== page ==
With the right strategy and proper execution, the storm will pass and your company will flourish. But to hunker down during the bad weather, you’ll need the shelter of recurring revenue.

Photo by Adeolu Eletu on Unsplash

       4. More Time To Focus On Growth

If you’re assured of a certain fixed income on a recurring basis, you can spend more time on research and development and come up with new products and strategies. In the absence of the recurring revenue every month, quarter, or year, you spend half your time and energy worrying about the cash flow required to keep your wheels turning.

With more time on your hands, you can truly focus on expanding your business in the recurring revenue model.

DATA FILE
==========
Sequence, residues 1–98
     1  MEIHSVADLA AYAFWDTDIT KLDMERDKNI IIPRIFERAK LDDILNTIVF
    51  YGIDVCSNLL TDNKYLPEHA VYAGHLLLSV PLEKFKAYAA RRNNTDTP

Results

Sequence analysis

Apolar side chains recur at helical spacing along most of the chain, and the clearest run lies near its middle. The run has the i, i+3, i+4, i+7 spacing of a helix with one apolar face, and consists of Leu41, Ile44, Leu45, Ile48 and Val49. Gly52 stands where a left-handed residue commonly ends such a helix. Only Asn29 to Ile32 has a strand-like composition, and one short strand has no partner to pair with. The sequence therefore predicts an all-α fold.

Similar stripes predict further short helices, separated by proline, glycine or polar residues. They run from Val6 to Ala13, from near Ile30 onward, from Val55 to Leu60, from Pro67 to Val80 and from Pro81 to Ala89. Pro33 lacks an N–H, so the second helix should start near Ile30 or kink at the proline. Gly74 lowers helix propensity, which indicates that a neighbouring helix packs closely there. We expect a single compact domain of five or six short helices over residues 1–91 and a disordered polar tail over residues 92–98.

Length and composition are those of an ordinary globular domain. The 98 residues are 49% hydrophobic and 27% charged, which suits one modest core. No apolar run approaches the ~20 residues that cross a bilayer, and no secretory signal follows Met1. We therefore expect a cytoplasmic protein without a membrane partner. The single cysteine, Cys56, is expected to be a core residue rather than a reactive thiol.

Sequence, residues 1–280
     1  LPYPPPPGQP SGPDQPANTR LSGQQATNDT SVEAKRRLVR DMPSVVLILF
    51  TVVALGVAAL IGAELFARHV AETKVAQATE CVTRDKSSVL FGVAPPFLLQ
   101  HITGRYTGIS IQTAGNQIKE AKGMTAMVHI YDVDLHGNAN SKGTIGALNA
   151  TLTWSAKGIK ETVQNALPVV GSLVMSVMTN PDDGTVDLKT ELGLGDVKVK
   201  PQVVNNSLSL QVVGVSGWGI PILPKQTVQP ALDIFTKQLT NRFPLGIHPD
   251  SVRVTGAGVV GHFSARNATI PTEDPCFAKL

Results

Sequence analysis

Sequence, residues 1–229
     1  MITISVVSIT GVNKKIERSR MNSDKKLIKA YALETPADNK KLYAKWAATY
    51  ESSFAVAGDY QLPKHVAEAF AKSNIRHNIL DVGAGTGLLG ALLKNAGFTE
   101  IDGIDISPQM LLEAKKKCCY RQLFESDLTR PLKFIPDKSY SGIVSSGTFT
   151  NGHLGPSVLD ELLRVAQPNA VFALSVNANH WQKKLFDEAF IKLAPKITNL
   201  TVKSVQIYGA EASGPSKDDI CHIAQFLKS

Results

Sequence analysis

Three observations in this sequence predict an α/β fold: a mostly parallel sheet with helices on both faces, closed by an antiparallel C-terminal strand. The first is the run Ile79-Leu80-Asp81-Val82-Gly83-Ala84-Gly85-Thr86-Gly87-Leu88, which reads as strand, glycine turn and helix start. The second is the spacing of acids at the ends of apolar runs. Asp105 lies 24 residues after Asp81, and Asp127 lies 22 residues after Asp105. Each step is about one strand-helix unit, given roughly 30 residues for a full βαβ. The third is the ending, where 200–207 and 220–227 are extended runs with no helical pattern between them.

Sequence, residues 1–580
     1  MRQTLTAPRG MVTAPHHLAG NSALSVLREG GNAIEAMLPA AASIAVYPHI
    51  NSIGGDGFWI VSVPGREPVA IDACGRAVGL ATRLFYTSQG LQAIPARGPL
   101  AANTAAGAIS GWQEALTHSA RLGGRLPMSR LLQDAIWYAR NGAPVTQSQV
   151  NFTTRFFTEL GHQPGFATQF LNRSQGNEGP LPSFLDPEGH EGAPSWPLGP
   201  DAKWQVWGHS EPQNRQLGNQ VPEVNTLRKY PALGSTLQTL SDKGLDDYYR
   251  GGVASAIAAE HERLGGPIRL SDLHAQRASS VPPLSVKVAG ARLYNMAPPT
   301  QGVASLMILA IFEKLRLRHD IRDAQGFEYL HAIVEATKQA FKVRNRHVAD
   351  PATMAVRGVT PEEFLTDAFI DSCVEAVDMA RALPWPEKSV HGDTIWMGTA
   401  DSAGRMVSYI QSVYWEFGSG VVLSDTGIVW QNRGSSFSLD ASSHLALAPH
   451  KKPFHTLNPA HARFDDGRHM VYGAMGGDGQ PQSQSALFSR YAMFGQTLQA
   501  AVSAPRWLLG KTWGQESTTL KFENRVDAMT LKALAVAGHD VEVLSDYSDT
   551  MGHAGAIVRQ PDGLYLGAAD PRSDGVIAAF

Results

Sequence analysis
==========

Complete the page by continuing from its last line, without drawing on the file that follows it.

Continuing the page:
5. Constant Customer Feedback

When you have a relationship with your customers, you can gain valuable insights from them. You can learn what’s working and what’s not working in your product, and make changes accordingly to increase the prospects of future sales.

If there are additional features that your users require, you can develop those and upsell, filling up your pockets further.


Types Of Recurring Revenues

There are various types of recurring revenues that you can adopt for your business.

        1. Subscriptions

This is the most common type of recurring revenue and an increasing number of SaaS businesses have been turning their heads in this direction. Users can subscribe to your products or services and pay a regular fee for its usage, with the option of canceling whenever they want to.

        2. Contracts